Right on time at the popular Mirage Hotel on October 15, 2014 was the Open data party that had 15 participants from different NGOs, citizens and this time we had some government officials – thus making it interesting. Whenever you have these three groups locked on a round table – questions like: why didn’t you make the data available, why didn’t you reply our FOIA, didn’t we make funding available for you to monitor, what happened to all the international aid you get, all come up, and as a facilitator – you are lost!
With my experience teaching data with NGOs, journalists and citizens, it is still clear that few of the practitioners know where even the little data available is hidden online. “It is appalling that we all here don’t know where the federal government budget is being published” affirmed Onoche Mokwunye. I get this answer often in all my sessions, which makes us conclude at times that the simple skill of finding data (secondary) itself and what their interest was in data, remains important.
In trying to figure out what kind of data they were interested in 40% of the participants were interested in budget data of the country; 30% were interested in contract data (in essence, the issue of money, and how it’s been used is important), while the remaining 30% was shared amongst election data, environmental data, infrastructure data, and transport data (which seems not to be available). Going forward did they really know where to find this data? KNOW! Well, it will be important to state that the Nigerian government has recently focused on some open data initiatives, even though it is not as if these portals make data available in machine readable format.
One may think, since we wouldn’t know where to find, or how to get the data, analyzing data might be a great challenge, of course NO! This group had great knowledge of diving into excel spreadsheets – maybe I knew only one way of handling some task before, now I learnt two more ways – that was the most interesting part of this data party! So what else, how do we present this datasets using several visualizations and infographic. “I have seen several colourful visualizations (online) that people in our communities cannot relate with, as such we still need to break it down in the language they will understand (offline) – maybe that’s an added task for us” explained Benny from AfterSchool Peer Mentoring Project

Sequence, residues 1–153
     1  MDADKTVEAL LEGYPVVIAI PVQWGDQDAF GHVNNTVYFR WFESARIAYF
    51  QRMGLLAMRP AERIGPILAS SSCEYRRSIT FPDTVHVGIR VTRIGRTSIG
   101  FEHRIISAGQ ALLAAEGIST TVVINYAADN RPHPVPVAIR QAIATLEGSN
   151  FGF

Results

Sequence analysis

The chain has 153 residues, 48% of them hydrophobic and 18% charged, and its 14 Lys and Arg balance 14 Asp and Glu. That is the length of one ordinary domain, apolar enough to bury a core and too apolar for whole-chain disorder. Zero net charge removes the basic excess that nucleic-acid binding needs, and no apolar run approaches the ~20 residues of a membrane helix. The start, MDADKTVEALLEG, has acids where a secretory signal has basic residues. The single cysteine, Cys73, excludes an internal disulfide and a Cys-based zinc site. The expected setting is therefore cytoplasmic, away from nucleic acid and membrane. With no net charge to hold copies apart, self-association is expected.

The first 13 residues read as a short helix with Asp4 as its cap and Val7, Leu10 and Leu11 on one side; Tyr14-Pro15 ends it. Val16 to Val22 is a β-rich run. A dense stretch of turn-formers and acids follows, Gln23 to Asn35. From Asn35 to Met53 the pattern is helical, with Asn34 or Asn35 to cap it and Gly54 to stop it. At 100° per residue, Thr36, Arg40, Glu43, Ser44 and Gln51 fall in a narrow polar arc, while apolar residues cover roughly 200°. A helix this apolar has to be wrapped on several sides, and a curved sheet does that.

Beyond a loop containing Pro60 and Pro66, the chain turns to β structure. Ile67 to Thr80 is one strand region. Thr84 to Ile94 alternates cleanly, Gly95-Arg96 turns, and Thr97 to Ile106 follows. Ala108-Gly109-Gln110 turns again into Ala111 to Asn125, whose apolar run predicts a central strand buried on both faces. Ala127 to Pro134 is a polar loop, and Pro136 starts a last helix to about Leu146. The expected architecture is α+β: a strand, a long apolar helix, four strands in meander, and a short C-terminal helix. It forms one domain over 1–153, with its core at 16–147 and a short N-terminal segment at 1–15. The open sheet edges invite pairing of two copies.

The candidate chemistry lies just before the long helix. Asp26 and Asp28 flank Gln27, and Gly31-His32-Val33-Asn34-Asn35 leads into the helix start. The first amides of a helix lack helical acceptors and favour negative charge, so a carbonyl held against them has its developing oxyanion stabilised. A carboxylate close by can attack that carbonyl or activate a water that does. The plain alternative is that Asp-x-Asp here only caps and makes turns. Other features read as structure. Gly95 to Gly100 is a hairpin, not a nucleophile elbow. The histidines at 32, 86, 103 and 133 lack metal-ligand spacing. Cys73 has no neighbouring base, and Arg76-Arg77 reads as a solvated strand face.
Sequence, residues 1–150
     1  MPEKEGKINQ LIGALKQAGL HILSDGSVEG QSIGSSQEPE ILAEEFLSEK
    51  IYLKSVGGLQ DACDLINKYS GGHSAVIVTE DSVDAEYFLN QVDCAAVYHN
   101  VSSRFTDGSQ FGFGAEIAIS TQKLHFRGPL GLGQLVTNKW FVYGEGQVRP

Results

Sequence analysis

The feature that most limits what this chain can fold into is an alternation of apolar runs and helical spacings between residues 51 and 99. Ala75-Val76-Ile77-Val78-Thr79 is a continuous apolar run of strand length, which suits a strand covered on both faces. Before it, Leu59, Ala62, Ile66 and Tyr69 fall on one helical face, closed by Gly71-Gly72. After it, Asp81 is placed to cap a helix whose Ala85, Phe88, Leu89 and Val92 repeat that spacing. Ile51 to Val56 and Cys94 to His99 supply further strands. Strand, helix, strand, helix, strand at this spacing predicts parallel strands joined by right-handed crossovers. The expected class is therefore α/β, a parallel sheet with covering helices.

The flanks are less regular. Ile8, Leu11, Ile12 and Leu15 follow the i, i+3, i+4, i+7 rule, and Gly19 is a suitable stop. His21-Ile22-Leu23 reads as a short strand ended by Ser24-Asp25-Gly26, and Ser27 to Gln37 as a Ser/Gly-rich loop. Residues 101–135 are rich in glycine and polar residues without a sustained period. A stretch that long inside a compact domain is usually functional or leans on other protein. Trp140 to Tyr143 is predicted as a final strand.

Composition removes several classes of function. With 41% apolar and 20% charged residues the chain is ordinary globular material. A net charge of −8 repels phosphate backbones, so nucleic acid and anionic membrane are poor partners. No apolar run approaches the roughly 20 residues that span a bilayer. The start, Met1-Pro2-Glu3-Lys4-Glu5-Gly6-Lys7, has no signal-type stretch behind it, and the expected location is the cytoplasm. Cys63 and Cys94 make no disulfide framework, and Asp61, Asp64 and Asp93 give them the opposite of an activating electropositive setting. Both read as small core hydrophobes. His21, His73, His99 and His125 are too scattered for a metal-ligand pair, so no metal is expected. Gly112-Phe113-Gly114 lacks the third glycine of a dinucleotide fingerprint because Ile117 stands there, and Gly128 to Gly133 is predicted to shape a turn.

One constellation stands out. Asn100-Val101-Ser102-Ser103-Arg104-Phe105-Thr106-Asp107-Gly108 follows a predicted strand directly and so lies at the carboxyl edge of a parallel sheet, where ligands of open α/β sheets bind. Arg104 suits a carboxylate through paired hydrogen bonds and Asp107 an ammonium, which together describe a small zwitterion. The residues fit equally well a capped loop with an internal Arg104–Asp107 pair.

Just before the end of the sessions, participants already concluded to have another 2-day Open Data Party,, while they declared having step down training in their own communities. When our Open Data party ends within 8 hours, participants are at times heartbroken! “Are we going to continue tomorrow, I seem to be an information and skill overload in a short time” – mentioned Ndoma Mayor in a phone call with me. Truly, does our party end in 8 hours? What happens to the” party” behind Open data – we always rock the club, after all, we are in Calabar, where the female become goddess at night! And if you want to know where our next open data party will be happening: most definitely – Abuja, No thanks to Connected Development [CODE] and Indigo Trust UK
– See more at: http://schoolofdata.org/2014/10/01/breaking-the-knowledge-barrier-the-opendata-party-in-northern-nigeria/#sthash.sbEvoBaa.dpuf
- Creating a satellite imagery tagging/tasking system that can help the National Space Research Development Agency deploy micromappers to tag satellite imageries from the NigeriaSat1 and NigeriaSat2
- Creating an i-reporting system that allows citizen reporting during disasters to Nigeria Emergency Management Agency
- Creating an application that allows citizens know the next water point and its quality within their community and using the newly released dataset from the Nigeria Millennium Development Goal Information System on water points in the country.
– See more at: http://schoolofdata.org/2014/09/16/a-weekend-of-data-hacks-and-maps-in-nigeria/#sthash.PaJxPeOU.dpuf
|Mobile Geo-tagging of flood plains within Keta Village|
Consequently, the team decided to work at Keta Village, situated just behind the Goronyo Dam. We sited a new health centre, as we proceeded to the village head compound. Alhaji Garbi Jingi explained how they have been coping with incessant flooding for 5 years. “We need the urgent construction of an elaborate embankment that will protect the village from loss of their crops and farming activities to flooding.
|Conducting a group discussion with key community members|
The #WalktoMali team engaged the community members in a participatory mapping, while sharing ideas and local communication that can ensue before, during and after emergencies such as flooding. The only primary school within Keta was established in 1979, with the old block of one classroom dilapidated, a new block of 3 classrooms has been constructed.
|During the participatory mapping|